Erratic and sporadic water supply, clogged drains, sickened children and unhealthy lives – these are the everyday challenges Janet Adu faces, living in Turlako, a suburb of Accra. Her story is captured in this video and is a vivid reminder that poor sanitation in Ghana accounts for 70 percent of out-patient attendance and 25% of under-five mortality for children. With Ghana’s cities growing at an unprecedented 3.2 percent annually, living conditions for the urban poor like Janet Adu are deteriorating rapidly.
In preparation for the February 28 ICT Solutions Day, the World Bank ICT team is piloting a crowdsourcing initiative to develop innovative ICT-enabled solutions for client countries.
The Ouagadougou-Accra-Tema corridor, a road stretching from Ouagadougou in West Africa’s Burkina Faso through Ghana’s bustling capital city Accra and onto the country’s port city Tema, is one of Africa’s most well-known corridors. In October, we joined Albert, a 50-year-old driver from Burkina Faso, on a 750 kilometer journey to highlight the high economic costs faced by landlocked countries and the cumbersome border crossings that impede trade.
The journey, which should have taken seven hours by car, took us 17 hours, 1 border crossing and 20 checkpoints.
The World Bank has been tracking the world's progress against poverty since the late eighties, but the release of 2008 data was the first time in which all regions of the developing world showed a decline in the number of people living below poverty lines!
Financial Markets…Year-to-date global corporate bond sales rose to $3.43 trillion, already surpassing 2011’s full year total of $3.29 trillion, as further stimulus from global central banks pushed yields to record lows. Funding costs for the riskiest to the most creditworthy corporates are plunging as the persistent low-yield environment spurred unprecedented investor demand.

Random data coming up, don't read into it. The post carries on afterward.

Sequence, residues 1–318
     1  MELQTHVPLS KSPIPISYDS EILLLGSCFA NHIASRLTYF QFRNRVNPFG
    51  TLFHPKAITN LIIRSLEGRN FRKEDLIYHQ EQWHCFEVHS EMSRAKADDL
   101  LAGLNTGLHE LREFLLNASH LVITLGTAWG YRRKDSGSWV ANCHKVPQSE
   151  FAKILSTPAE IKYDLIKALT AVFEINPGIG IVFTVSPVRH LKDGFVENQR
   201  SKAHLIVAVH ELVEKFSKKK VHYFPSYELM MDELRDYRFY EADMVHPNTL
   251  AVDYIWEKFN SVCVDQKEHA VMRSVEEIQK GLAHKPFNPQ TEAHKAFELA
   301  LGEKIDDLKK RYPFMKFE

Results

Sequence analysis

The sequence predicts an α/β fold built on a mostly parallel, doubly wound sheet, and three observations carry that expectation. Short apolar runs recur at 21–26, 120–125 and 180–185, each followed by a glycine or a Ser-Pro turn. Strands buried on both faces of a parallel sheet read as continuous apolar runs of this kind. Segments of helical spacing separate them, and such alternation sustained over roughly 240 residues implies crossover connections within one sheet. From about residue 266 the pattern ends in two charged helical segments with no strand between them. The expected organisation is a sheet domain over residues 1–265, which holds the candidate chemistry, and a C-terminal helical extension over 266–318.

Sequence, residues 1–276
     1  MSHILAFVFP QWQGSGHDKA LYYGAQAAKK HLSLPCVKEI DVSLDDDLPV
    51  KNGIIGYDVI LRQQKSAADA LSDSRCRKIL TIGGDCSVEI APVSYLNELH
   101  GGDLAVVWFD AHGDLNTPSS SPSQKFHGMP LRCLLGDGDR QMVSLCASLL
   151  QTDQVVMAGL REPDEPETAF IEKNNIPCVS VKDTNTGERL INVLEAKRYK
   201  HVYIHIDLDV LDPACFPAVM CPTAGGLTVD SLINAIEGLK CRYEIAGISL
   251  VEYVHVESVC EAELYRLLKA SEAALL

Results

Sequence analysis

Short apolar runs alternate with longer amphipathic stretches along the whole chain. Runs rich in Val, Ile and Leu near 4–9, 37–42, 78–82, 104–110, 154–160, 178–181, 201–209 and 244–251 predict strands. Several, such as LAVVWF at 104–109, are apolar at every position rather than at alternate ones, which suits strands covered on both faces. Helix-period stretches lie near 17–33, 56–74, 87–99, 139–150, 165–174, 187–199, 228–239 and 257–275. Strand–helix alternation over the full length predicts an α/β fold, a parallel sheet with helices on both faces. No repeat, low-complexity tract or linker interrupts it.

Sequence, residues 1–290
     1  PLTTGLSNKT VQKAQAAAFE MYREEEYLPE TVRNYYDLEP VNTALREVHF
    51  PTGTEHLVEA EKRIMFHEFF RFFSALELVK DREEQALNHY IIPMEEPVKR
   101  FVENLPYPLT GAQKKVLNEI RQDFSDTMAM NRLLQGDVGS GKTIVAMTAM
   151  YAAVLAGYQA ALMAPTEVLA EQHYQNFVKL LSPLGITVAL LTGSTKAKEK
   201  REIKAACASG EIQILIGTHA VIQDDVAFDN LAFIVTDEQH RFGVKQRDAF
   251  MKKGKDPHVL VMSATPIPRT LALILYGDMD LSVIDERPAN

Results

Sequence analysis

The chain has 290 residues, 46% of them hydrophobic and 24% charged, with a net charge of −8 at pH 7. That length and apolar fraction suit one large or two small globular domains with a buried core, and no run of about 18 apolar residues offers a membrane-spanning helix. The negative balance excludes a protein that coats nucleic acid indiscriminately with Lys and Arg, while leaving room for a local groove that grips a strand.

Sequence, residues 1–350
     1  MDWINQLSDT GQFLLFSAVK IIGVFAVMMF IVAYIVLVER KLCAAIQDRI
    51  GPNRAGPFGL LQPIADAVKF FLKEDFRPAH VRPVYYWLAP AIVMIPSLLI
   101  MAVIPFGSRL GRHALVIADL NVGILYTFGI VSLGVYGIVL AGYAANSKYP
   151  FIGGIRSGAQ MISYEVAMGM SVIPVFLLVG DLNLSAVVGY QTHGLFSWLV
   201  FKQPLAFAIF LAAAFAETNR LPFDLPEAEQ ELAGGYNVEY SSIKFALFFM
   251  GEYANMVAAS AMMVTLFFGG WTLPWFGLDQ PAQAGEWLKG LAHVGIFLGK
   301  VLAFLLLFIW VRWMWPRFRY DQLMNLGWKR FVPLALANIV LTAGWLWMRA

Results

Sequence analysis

Perceived default risk of US corporate debt climbed for a third consecutive day, with the benchmark Markit CDX North America Investment Grade Index rising 3.6 basis points to 108 bps, amid growing concerns that the so-called US fiscal cliff could push the world largest economy into deep recession.
Ghana’s 3-month borrowing costs, which fell to a five month low last week, are gearing for further decline today after the central bank issued record volume of domestic bonds, lowering its financing needs in near-terms. The 3-month yield on Ghana’s Treasury bills dropped 69 bps to 22.33% last week, but they are still the highest among African countries.
In its November update released earlier today, the US Department of Agriculture reported marginal increases in global grain supplies (compared to the October update) for the 2012/13 crop year ending in May 2013. Yet, stock-to-use ratio for corn—and less so for wheat—remain at historical low levels. The rice market is well-supplied with trade expected to surpass 38 million tons in 2012—a record high.
High-income Economies…France's industrial production posted the biggest monthly drop since December 2009, falling 2.7% (m/m) in September (-2.1% y/y), with both manufacturing production and construction contracting. The Bank of France said the economy may shrink in the fourth quarter.
Italy’s industrial production fell by 1.5% (m/m) in September (-4.8% y/y), the most in five months, suggesting the country remained in recession in the third quarter.
Greece’s industrial production fell 7.3% (y/y) in September, resuming its downward trend after rising temporarily by 2.5% in August.
Sweden’s industrial production fell 5% (y/y) in September, following a 2.7% increase the previous month.
Germany’s annual consumer price inflation on a EU-harmonized basis remained at 2.1% (y/y) in October, the same rate as September (+0.1% m/m). A 5.5% (y/y) increase in domestic gas and diesel prices and increases in some food items prevented inflation from falling.